Page:Folk-lore - A Quarterly Review. Volume 22, 1911.djvu/59

From Wikisource
Jump to navigation Jump to search
This page needs to be proofread.

Bushongo Mythology. 43

sisters, and after some time she bore him a son, who was called Nyimi Lele. When their shame became known, popular indignation reached such a pitch that Woto bade his son leave the country, and Nyimi Lele travelled to the south and became the founder of the Bashilele nation. This did not suffice to assuage popular feeling, and Woto at last decided to leave the country. Before doing so he took revenge on his persecutors by causing their fowls to die and by making their millet rot. Finally he tried to appoint some man of no origin as his successor, but was outwitted by the rightful heir, Nyimi Longa. Before start- ing on his journey, Woto set fire to his village, and it was his wife Ipopa who invented the use of vegetable salt, by tasting accidentally some of the ashes.

Nyimi Longa was succeeded by his nephew, Minge Ben- gela, under whom the Bushongo nation emigrated. The production of fire by friction was revealed to a man named Kerikeri, who lived in the time of the twenty-seventh ruler ; how the secret of it was given away by him to the beautiful daughter of the king, is one of the prettiest stories of Bushongo mythology.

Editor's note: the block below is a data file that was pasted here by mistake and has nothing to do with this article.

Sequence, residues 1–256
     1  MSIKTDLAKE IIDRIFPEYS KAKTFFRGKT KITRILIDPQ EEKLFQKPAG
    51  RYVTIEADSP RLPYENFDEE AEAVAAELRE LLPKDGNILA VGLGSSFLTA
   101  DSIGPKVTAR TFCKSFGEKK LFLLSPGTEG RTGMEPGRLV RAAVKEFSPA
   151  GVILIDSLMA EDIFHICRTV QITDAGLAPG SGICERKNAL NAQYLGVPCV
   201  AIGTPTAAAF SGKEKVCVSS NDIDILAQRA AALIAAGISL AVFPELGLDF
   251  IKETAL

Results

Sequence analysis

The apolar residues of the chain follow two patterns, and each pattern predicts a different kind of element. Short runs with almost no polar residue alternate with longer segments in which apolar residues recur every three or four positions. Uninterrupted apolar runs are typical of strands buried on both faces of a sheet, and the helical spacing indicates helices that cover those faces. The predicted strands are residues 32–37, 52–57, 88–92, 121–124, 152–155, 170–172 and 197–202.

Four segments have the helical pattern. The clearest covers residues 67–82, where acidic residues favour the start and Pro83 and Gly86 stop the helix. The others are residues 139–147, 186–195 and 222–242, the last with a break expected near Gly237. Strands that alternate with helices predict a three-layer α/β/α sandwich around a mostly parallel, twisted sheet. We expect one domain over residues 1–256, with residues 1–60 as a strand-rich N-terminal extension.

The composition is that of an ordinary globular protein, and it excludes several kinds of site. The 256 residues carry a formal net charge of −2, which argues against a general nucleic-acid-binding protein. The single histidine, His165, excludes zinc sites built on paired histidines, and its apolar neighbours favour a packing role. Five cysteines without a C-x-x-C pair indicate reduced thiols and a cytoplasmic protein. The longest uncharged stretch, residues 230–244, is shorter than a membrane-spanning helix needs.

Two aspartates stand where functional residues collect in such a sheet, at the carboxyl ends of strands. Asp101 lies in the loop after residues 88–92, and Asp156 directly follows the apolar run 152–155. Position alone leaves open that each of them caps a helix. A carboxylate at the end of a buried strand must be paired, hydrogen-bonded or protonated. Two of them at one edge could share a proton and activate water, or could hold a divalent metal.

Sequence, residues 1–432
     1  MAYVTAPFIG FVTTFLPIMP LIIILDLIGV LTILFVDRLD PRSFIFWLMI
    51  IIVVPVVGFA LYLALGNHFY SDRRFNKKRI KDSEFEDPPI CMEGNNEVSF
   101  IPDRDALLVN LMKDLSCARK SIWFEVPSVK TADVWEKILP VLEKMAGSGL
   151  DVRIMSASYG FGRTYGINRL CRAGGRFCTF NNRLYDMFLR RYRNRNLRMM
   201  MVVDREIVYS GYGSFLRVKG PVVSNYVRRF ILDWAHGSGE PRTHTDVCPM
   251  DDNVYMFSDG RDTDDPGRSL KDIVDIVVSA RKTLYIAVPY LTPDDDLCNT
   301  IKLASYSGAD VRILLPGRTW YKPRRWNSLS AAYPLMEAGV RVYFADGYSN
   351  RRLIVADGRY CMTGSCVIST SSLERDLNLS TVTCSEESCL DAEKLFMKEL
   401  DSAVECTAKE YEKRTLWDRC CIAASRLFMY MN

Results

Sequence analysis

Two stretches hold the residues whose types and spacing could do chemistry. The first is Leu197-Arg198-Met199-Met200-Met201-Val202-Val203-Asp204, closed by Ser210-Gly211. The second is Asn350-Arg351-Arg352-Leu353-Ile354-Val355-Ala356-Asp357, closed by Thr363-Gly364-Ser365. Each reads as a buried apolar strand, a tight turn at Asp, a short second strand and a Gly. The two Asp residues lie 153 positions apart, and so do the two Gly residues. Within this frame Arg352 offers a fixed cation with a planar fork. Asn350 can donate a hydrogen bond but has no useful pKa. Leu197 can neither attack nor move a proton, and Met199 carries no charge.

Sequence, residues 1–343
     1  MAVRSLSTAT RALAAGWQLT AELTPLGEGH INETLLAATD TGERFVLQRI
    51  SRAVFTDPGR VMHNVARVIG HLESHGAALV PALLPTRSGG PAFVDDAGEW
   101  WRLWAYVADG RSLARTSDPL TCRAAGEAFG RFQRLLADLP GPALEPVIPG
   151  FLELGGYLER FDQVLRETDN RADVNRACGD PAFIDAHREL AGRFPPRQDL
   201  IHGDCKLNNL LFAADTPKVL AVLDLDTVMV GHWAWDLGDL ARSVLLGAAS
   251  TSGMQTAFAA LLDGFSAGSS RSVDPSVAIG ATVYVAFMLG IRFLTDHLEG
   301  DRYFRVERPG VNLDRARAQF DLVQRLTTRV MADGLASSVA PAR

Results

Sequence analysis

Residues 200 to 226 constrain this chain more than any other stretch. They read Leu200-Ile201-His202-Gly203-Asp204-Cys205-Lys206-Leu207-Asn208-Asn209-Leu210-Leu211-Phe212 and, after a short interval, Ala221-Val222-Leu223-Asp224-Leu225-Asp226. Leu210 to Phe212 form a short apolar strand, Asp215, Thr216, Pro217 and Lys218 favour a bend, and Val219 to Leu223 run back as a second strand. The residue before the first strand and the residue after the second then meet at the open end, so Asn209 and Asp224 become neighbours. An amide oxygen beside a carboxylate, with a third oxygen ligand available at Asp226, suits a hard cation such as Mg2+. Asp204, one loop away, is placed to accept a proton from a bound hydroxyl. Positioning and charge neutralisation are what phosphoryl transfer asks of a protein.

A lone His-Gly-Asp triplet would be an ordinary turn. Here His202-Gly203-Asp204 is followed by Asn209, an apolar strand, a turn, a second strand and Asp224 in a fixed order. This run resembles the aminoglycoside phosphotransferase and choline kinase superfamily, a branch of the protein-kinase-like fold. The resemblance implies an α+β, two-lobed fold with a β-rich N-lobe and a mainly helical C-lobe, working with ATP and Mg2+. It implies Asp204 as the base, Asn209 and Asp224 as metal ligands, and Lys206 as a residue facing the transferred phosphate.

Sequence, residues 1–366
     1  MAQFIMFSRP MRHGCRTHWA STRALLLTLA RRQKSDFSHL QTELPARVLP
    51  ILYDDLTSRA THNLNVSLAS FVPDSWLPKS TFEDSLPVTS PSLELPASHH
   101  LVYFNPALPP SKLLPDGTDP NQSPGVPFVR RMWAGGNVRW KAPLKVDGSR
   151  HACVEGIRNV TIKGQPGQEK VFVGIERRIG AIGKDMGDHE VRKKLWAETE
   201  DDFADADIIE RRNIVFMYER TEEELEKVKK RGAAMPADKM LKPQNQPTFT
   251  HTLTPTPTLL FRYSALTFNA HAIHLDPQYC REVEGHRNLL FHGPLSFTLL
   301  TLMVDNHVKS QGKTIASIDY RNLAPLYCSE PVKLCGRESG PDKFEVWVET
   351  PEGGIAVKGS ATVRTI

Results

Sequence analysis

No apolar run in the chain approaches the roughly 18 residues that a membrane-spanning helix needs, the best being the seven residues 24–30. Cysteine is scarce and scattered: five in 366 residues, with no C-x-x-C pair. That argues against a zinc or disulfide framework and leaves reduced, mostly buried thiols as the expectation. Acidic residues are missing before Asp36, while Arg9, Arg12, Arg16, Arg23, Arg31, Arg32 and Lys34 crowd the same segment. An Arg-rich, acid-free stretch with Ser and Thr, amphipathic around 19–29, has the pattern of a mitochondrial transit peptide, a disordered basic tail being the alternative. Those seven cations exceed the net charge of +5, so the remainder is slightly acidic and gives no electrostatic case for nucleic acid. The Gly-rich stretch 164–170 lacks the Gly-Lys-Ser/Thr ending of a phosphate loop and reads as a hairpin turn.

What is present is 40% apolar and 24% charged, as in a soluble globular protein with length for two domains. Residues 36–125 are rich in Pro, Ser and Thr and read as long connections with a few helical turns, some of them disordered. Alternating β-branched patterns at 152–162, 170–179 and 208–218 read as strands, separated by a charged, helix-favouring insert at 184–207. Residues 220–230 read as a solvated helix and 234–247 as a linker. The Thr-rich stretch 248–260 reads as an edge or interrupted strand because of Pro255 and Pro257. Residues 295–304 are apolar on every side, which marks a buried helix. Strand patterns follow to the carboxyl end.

The initiation ceremonies were instituted in order that the boys might not brave their parents, and might be taught to fear neither foe, nor beast, nor fire, nor water, nor ghosts. An account is given of the invention of the bull-roarer, which is used in connection with these cere- monies.

The second version is that of the Bangongo, the people who originate from the Upper Congo. Here we find from the beginning a complete world, only inhabited by an aged couple. These old people lived on the banks of a great water, when one day the sky suddenly opened and there appeared an incarnation of the divinity, — (according to Bangongo ideas, God is intellect; thus an idiot is a god- less man, and a great artist a man full of God),— called Bomazi, who predicted to the old people that a child would